Storm Clouds, 2008, Oil on Gessobord, 4x4
My sales have slowed down considerably since June when my NYC gallery closed. In fact, September was the worst month I have had since I began exhibiting in 2004, with only one small painting selling from a gallery. Since June, two more galleries that represent me have closed and sales of my work are way down at all of the others. As I have said before, I do not take this personally, I know it's the economy. I am not established enough for my work to be viewed as an investment, and my prices are too high to be considered an impulse purchase.
I have mixed feeling about all of this. I can't say that I don't miss selling my work, I love the feeling that people like a painting of mine well enough to pay money for it and then live with it in their home or office. I really love that and it is a big part of the satisfaction I get from painting; that other people like what I do. Maybe that is politically incorrect to say if one is an artist, but I don't care.
So now, though, paintings aren't selling and I have some options (luckily I do have options because while my income is useful, our family is not completely dependent on it, thankfully:), most of which are a lot of fun. So despite feelings of unease about my "career" and where it's headed, I am also very thankful to have this time to reassess things. I am trying to develop new work, taking a much needed break from painting landscapes (I was edging close to burn out on those after painting so many, so fast, for years), yet I am able to go back to painting on a small format just for fun, and with a new vision of painting landscapes, all of which is very exciting. Although I haven't yet, I can do other things that interest me and that have been on the back burner for so long, such as drawing, collage, and working with encaustics. I am also taking my time in considering which galleries to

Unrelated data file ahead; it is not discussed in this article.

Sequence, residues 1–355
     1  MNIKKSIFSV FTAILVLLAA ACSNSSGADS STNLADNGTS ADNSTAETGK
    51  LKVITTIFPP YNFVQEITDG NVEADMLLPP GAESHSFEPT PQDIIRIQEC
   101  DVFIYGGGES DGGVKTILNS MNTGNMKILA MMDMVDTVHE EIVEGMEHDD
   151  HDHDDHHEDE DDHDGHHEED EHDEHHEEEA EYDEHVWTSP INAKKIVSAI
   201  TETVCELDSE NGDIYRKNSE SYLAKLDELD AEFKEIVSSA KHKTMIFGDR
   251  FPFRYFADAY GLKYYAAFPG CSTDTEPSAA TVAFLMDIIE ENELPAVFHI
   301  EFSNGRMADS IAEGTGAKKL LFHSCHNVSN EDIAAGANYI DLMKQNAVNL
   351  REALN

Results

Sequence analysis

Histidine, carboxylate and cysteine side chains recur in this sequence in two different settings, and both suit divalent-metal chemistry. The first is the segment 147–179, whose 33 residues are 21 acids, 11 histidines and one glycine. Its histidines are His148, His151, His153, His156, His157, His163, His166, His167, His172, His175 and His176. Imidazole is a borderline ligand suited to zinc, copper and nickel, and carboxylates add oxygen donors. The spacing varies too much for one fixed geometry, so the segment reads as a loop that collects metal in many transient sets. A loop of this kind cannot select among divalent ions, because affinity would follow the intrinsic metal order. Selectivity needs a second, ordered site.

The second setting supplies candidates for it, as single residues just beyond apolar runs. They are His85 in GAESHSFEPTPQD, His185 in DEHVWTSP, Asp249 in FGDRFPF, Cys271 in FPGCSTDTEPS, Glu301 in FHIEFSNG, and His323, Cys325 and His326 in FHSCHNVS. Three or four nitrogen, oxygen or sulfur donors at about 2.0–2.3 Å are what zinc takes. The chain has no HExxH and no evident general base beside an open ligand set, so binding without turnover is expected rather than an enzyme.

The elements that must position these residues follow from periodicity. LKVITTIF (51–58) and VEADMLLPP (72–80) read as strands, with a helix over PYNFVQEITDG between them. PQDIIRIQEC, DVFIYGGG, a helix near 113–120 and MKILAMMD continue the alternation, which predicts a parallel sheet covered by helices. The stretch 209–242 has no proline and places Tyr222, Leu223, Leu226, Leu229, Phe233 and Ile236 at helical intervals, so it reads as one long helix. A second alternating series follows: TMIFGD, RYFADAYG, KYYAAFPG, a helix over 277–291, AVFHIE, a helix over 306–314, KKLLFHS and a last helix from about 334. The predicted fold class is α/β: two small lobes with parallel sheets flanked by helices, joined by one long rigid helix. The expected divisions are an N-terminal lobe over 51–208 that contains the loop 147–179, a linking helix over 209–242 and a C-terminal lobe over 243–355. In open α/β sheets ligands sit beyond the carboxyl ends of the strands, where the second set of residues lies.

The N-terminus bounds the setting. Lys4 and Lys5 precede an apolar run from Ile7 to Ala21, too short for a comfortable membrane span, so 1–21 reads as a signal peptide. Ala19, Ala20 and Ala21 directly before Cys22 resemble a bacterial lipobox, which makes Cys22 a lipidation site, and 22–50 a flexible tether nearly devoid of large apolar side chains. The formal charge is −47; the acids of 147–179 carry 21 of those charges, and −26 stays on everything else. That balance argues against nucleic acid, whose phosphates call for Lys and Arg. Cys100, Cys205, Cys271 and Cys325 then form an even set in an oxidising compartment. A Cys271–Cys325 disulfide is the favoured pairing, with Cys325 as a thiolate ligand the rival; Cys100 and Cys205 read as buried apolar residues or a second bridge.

There are some drawbacks to this silver lining though, the main one being that I don't really have any deadlines. I don't handle self-imposed deadlines well, and without constraints, I have a tendency to flounder a bit, and I certainly have been doing that. But for now I am relatively disciplined and am managing to be fairly productive.
This is a worrisome time for all of us. I can easily get myself so freaked out about what may happen in the future that I become immobilized. However, I just try to do what I can today, and remind myself that things are ok today. And today I have things to do. There are always things to do, right?
PS. But don't think for a minute that we haven't hashed over a few alternative plans. After all, Doug's company does sell expensive and ultimately unnecessary items (fossils) and while they are still doing fine, there are no guarantees. We have had more than a few conversations about how we could farm our 22 acres full time, pay the mortgage and feed ourselves; all of which will certainly include less art making and way more shoveling shit. Heh.